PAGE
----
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Samara Development Corp. v. Marlow

Supreme Court of Florida
Feb 8, 1990
556 So. 2d 1097 (Fla. 1990)

Summary

holding that "in order for the developer to be `obligated' to complete the building within two years, the obligation must be unrestricted and the contract must not limit the purchaser's right to seek specific performance or damages."

Summary of this case from Winterrowd v. Taylor Morrison Services, Inc.

Opinion

No. 72763.

February 8, 1990.

Appeal from the Circuit Court, Palm Beach County, Richard Wennet, J.

Kathy Kaplan and Brian J. Sherr of Sherr, Tiballi, Fayne Schneider, Fort Lauderdale, for petitioner.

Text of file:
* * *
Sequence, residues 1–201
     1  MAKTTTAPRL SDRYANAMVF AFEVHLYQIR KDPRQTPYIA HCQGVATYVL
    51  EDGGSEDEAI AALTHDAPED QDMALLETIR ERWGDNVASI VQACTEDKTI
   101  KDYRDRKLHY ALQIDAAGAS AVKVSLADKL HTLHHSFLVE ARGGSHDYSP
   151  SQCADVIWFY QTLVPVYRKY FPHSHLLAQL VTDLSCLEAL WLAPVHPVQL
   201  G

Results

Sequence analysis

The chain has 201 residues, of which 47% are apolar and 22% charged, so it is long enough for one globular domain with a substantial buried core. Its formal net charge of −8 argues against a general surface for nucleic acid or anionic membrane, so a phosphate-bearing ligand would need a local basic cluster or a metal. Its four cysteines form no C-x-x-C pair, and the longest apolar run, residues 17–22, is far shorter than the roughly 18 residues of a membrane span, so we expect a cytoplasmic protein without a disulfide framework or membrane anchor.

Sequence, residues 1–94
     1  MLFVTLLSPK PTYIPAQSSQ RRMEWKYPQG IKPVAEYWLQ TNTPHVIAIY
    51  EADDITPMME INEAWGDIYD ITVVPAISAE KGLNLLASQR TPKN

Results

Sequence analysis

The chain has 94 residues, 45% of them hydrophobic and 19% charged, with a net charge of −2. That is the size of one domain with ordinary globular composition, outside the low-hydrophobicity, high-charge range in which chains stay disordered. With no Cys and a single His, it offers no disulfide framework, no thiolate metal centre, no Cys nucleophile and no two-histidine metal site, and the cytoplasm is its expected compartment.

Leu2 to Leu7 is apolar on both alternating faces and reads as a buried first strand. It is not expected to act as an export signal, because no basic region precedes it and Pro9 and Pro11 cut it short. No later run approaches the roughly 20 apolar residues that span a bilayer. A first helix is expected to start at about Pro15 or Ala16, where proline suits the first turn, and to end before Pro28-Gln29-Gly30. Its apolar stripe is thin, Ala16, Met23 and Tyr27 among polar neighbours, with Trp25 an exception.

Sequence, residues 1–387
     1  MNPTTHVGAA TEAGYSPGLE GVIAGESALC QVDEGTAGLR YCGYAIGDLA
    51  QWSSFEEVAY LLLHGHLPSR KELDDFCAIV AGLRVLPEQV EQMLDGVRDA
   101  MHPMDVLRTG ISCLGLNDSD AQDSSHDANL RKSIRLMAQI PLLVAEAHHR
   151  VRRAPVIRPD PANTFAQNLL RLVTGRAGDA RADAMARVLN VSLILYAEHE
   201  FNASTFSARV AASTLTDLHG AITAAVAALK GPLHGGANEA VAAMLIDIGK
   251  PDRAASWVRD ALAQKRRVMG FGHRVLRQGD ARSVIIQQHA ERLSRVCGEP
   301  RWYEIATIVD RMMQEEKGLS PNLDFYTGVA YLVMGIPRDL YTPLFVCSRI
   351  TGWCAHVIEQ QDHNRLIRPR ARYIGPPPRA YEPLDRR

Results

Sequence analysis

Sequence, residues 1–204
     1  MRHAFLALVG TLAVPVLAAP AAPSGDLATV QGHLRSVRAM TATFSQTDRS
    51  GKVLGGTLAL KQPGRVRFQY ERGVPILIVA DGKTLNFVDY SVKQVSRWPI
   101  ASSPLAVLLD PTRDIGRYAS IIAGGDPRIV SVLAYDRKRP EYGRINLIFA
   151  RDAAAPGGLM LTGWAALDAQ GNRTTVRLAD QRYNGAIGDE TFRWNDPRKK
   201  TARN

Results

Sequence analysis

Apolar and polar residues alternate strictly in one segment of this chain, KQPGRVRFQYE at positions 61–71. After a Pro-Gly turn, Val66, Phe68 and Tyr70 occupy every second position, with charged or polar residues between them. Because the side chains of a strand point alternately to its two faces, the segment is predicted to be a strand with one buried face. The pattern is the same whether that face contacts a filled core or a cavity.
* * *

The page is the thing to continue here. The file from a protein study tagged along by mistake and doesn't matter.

Glenn M. Mednick of Gutkin, Miller, Shapiro Selesner, Boca Raton, for respondent.


We have for review Marlow v. Samara Development Corp., 528 So.2d 420, 422 (Fla. 4th DCA 1988), in which the Fourth District Court of Appeal certified the following question to be of great public importance:

IS A CONTRACT FOR THE SALE OF A CONDOMINIUM IN FLORIDA EXEMPT FROM THE PROVISIONS OF THE INTERSTATE LAND SALES FULL DISCLOSURE ACT, 15 U.S.C. § 1710, WHERE IT PROVIDES FOR COMPLETION WITHIN TWO YEARS BUT RESTRICTS THE BUYER'S REMEDIES FOR BREACH OF THE CONTRACT BY THE SELLERS TO A RETURN OF THE DEPOSIT OR SPECIFIC PERFORMANCE, OR MUST THE CONTRACT ALSO AFFORD THE BUYER THE ALTERNATIVE REMEDY OF A SUIT FOR DAMAGES?